1. General information
    1. Autoimmune process leading to structural alteration of glomerular membrane that results in increased permeability to plasma proteins, particularly albumin
    2. Course of the disease consists of exacerbations and remissions over a period of months to years
    3. Commonly affects preschoolers, boys more often than girls
    4. Pathophysiology
      1. Plasma proteins enter the renal tubule and are excreted in the urine, causing proteinuria.
      2. Protein shift causes altered oncotic pressure and lowered plasma volume.
      3. Hypovolemia triggers release of renin and angiotensin, which stimulates increased secretion of aldosterone; aldosterone increases reabsorption of water and sodium in distal tubule.
      4. Lowered blood pressure also stimulates release of ADH, further increasing reabsorption of water; together with a general shift of plasma into interstitial spaces, results in edema.
    5. Prognosis is good unless edema does not respond to steroids.
  2. Medical management
    1. Drug therapy
      1. Corticosteroids to resolve edema
      2. Antibiotics for bacterial infections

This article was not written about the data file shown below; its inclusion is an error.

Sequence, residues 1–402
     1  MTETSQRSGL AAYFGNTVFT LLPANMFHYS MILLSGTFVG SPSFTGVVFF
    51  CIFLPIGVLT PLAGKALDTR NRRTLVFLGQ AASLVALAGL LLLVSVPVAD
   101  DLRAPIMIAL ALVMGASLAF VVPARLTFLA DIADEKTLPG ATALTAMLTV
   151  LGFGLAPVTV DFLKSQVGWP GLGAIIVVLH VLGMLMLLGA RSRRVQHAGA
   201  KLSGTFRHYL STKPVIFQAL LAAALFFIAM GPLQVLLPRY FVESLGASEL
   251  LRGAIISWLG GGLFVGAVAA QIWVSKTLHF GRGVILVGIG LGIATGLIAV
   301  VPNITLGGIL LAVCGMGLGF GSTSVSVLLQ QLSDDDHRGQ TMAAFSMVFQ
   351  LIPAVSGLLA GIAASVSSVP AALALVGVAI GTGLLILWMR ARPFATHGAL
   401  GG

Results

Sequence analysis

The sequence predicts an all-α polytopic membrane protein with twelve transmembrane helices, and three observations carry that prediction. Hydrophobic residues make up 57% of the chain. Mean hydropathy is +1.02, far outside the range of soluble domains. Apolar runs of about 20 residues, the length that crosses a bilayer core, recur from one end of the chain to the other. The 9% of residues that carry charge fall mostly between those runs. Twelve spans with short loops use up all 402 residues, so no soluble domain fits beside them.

3. Thiazide diuretics in edematous stage
    2. Bed rest
    3. Diet modification: high protein, low sodium
  3. Assessment findings
    1. Proteinuria, hypoproteinemia, hyperlipidemia
    2. Dependent body edema
      1. Puffiness around eyes in morning
      2. Ascites
      3. Scrotal edema
      4. Ankle edema
    3. Anorexia, vomiting, and diarrhea, malnutrition
    4. Pallor, lethargy
    5. Hepatomegaly
  4. Nursing interventions
    1. Provide bed rest.
      1. Conserve energy.
      2. Find activities for quiet play.
    2. Provide high-protein, low-sodium diet during edema phase only.
    3. Maintain skin integrity.
      1. Do not use Band-Aids.
      2. Avoid IM injections (medication is not absorbed into edematous tissue).
      3. Turn frequently.
    4. Obtain morning urine for protein studies.
    5. Provide scrotal support.
    6. Monitor I&O, vital signs and weigh daily.
    7. Administer steroids to suppress autoimmune response as ordered.
    8. Protect from known sources of infection.